Phoenix, Arizona – Goodyear must pay an Arizona family more than $2.7 million (€2.46 million) in damages and also tell plaintiffs in future cases how a federal judge found the tire maker had acted in bad faith.
This was the determination of the US Court of Appeals for the Ninth Circuit 20 July, in Goodyear's appeal of a product liability case first filed in an Arizona federal court in 2005.
The district court did not abuse its discretion in finding that Goodyear acted in bad faith, or in awarding both monetary and non-monetary damages, wrote Ninth Circuit Judge Milan Smith Jr. in the majority opinion.
“The district court's imposition of non-monetary sanctions against Goodyear was balanced, narrowly tailored and imposed no sanctions beyond what was necessary to remedy what the district court perceived as an ongoing problem in Goodyear's litigation,” Smith wrote.
Judge Paul Watford dissented. He agreed with the majority on the allegations of misconduct against Goodyear, but would have vacated the monetary damages.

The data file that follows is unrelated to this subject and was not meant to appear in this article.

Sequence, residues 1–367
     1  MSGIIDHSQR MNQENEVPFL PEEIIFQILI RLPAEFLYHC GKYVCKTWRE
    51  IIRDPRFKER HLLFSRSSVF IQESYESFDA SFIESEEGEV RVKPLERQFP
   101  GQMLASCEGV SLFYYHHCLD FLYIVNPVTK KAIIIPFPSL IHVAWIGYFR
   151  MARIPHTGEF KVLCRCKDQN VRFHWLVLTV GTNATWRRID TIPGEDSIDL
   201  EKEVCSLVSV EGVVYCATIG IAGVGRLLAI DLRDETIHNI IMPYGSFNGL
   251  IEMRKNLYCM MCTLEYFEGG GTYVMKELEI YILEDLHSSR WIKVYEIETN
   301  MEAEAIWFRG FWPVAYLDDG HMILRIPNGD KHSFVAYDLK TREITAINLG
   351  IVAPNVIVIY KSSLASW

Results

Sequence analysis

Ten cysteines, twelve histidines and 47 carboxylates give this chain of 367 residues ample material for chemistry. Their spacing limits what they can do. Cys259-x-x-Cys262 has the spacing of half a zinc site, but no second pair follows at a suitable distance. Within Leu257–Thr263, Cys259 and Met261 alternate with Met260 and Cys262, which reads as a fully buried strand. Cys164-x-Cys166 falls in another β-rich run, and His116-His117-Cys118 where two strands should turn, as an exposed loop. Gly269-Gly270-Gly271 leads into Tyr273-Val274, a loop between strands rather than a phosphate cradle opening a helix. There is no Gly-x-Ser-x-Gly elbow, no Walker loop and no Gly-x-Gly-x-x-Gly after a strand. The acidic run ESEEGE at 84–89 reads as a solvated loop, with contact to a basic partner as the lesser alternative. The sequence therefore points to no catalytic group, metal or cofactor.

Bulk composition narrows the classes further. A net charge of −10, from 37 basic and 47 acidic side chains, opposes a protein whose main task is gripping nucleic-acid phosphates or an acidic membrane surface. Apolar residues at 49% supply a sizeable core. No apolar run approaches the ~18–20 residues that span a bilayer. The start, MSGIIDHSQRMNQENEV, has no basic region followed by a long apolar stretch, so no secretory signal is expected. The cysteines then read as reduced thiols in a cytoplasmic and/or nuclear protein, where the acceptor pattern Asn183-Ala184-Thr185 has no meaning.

“The record did not establish a causal connection between the lawyer's misconduct and the jury's inability to reach a verdict,” Watford wrote in his dissent. “The record in this case is similarly devoid of evidence establishing a causal link between Goodyear's misconduct and the fees awarded.”
The genesis of the case was a 2003 accident involving the failure of a Goodyear G159 original equipment tire mounted on a Gulf Stream motor home. Leroy Haeger, his wife Donna, and children Barry and Suzanne were injured in the crash.